Discovery of mechanism behind Alexander disease may lead to enhanced drug development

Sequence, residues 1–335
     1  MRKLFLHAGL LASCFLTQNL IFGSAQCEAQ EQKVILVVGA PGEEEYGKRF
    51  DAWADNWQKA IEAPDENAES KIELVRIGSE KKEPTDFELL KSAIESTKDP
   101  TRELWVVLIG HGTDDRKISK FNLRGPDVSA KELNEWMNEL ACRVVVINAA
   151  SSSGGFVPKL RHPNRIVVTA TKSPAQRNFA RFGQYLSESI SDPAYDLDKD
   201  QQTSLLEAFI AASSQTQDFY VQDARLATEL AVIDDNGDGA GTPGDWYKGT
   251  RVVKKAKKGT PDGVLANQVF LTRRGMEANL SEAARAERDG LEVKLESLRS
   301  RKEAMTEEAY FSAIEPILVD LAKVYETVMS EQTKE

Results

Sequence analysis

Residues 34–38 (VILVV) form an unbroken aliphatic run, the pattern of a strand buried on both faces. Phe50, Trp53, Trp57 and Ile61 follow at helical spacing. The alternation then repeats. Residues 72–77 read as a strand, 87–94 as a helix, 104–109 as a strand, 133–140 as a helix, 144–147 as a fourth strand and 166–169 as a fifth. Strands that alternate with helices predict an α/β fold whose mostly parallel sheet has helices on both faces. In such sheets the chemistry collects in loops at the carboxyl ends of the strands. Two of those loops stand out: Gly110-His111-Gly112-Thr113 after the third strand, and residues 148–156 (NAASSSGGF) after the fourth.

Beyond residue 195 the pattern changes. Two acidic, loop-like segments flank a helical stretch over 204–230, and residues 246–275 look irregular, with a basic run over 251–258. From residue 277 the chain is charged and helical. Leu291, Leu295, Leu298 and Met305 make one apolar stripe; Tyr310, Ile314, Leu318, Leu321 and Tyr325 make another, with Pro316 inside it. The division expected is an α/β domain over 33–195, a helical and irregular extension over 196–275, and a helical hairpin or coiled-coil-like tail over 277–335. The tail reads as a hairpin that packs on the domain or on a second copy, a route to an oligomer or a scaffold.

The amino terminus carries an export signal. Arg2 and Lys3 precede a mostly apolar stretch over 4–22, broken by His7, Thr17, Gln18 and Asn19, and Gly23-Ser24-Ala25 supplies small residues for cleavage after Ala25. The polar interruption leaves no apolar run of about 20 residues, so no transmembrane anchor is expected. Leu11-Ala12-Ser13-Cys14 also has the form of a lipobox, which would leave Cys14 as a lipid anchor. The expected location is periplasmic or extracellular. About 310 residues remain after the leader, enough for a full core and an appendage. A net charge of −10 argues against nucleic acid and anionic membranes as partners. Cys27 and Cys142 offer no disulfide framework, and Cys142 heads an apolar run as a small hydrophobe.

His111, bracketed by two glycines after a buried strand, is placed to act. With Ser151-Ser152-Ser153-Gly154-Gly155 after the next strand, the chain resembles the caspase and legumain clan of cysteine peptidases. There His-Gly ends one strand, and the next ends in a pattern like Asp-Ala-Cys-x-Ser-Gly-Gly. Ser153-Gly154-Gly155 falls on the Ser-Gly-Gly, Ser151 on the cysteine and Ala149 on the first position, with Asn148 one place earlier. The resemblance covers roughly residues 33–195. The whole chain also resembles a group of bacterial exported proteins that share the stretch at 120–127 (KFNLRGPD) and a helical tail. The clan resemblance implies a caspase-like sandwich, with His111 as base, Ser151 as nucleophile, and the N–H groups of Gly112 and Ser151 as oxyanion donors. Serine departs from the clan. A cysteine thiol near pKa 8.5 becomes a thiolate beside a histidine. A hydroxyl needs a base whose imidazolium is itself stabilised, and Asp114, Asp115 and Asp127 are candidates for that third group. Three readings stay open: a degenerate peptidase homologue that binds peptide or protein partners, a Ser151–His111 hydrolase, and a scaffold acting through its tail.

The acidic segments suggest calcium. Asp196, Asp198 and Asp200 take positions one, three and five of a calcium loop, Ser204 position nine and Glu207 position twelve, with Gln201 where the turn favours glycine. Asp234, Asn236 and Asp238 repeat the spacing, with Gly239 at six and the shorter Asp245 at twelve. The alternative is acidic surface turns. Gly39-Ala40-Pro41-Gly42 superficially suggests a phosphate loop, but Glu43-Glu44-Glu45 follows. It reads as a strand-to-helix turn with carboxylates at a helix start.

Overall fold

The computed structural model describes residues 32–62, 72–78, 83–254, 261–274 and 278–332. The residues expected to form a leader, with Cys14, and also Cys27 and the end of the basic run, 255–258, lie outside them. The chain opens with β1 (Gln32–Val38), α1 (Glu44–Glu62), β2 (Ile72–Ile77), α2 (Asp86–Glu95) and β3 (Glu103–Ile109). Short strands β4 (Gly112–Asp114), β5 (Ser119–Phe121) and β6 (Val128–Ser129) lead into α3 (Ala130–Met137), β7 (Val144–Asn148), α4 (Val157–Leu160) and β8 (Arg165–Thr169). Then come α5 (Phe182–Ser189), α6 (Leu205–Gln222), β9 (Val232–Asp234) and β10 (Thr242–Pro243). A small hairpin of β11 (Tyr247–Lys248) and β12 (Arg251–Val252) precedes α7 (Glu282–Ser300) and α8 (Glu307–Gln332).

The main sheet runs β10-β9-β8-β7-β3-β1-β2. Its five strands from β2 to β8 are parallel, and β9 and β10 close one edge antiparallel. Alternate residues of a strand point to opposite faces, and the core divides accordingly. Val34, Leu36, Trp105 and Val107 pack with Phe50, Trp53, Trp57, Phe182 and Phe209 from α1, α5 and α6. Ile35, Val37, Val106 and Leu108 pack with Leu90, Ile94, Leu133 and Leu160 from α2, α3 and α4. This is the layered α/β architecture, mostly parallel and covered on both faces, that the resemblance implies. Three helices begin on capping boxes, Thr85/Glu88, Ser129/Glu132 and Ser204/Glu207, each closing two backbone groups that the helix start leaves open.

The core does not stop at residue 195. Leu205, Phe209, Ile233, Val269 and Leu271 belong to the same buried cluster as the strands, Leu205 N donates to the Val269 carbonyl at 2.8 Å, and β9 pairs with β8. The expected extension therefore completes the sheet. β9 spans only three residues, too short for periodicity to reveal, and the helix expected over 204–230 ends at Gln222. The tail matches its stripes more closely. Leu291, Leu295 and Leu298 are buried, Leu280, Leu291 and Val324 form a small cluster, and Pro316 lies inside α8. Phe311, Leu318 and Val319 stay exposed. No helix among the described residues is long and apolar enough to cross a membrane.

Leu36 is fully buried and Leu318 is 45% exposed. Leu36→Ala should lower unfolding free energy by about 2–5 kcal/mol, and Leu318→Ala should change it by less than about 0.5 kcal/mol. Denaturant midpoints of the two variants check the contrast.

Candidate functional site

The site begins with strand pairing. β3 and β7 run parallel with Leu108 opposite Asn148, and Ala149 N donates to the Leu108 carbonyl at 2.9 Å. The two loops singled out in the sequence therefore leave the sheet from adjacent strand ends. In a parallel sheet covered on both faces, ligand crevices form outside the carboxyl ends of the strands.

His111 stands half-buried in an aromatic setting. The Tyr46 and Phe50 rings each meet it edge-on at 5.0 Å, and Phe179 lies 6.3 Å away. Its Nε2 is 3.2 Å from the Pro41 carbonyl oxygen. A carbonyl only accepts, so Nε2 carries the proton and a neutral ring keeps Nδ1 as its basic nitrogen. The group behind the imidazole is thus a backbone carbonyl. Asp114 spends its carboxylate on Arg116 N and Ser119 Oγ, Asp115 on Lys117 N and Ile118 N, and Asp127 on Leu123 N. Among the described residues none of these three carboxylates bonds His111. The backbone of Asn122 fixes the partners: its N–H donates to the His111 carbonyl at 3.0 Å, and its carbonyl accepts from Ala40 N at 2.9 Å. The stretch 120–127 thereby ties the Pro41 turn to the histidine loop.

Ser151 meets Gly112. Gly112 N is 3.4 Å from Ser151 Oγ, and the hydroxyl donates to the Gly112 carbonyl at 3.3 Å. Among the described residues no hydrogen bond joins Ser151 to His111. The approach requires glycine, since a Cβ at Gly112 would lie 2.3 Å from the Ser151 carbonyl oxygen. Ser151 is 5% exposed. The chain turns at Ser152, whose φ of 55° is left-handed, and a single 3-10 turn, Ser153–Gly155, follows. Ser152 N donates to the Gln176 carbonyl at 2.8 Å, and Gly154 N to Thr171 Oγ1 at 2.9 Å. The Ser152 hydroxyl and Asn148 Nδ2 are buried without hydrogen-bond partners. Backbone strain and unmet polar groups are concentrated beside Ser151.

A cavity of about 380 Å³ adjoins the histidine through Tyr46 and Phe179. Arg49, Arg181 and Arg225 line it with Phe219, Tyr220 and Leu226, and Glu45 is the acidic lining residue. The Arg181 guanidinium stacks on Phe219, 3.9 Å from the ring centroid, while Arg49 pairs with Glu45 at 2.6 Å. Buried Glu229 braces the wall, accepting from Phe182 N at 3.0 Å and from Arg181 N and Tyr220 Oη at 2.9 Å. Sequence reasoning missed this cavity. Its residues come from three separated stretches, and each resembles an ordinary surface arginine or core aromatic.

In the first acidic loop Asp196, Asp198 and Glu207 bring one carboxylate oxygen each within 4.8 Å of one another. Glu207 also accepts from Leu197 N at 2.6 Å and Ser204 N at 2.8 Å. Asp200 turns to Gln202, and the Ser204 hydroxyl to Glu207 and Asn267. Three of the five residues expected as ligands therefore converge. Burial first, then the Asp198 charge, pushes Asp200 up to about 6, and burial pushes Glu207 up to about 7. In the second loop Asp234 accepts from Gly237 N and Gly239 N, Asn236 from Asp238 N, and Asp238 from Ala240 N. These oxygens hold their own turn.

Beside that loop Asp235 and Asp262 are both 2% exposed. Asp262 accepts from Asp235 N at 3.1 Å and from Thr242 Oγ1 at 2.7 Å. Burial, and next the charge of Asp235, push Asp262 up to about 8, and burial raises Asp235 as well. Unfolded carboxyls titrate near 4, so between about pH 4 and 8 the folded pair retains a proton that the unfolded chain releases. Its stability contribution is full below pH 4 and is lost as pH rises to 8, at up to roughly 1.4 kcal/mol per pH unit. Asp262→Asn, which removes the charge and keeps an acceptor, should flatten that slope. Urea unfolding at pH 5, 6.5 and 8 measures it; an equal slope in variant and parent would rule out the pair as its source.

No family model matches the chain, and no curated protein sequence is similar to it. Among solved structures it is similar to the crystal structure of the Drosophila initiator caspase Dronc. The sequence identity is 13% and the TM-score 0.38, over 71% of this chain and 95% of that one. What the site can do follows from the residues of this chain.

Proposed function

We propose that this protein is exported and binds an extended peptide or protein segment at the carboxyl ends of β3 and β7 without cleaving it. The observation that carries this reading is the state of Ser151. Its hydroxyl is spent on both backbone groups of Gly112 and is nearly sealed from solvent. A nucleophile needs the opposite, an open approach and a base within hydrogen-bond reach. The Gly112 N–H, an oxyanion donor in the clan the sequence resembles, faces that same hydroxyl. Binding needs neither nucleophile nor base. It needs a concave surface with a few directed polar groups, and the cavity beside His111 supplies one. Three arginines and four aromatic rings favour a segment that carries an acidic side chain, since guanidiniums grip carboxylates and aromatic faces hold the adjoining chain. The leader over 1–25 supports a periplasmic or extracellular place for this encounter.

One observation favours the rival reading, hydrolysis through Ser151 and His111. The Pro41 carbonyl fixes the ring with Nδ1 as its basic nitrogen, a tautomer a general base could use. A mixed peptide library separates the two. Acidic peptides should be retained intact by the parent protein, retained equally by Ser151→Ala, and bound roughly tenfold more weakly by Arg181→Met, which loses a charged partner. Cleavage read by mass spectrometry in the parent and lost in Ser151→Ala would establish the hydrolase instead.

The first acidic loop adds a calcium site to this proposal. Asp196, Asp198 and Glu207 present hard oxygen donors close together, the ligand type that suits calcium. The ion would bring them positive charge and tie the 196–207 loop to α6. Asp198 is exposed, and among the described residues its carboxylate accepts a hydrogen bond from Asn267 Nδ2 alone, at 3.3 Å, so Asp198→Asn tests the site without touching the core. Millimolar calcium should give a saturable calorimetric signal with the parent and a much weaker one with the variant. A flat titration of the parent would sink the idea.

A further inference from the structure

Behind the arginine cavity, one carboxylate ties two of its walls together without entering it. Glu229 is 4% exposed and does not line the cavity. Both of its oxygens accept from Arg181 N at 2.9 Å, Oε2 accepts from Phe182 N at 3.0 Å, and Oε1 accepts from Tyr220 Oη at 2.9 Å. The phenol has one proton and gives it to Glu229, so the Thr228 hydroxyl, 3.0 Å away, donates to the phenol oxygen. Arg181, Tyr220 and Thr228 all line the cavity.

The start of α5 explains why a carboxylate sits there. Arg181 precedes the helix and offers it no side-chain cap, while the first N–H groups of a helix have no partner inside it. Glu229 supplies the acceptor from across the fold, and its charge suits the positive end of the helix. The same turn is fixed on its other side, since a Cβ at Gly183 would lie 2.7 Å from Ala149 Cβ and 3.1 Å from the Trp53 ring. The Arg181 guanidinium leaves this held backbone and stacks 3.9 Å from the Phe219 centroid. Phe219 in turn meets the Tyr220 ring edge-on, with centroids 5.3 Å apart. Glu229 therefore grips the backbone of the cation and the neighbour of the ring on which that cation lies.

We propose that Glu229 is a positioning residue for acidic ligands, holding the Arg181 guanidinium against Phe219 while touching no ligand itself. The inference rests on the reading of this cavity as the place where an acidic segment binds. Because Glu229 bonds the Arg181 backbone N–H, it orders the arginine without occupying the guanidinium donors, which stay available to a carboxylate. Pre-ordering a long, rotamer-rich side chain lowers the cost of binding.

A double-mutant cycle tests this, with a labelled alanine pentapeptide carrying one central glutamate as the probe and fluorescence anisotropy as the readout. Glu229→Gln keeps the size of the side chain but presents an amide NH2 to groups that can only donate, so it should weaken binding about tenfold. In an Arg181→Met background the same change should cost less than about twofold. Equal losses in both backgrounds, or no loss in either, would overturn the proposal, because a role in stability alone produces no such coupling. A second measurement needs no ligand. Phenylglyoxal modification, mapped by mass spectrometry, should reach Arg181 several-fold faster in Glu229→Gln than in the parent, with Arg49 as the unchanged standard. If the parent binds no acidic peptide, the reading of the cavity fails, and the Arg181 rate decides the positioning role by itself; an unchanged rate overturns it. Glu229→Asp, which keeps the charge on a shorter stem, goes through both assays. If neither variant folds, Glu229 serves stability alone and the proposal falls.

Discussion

Researchers have long known that the cause behind Alexander disease is a genetic culprit—mainly a mutation leading to the production of a defective protein called GFAP. Alexander disease (AxD) is a rare neurological condition involving myelin destruction and is present during many stages of life: infancy, adolescence, or adulthood. Many of those diagnosed with condition pass away with the first years of diagnosis. Although, some can survive for several decades, babies born to the condition experience seizures and developmental delays. Now, a new research study at UNC School of Medicine examined the differences in severe and milder forms of AxD for the first time. Through their studies, they discovered that the mutant form of GFAP undergoes diverse chemical modifications depending on the time of when symptoms appear, and these modifications can be manipulated by scientists using an in-vitro system taken from AxD patient cells. The research could potential provide the basis of drug discovery and development.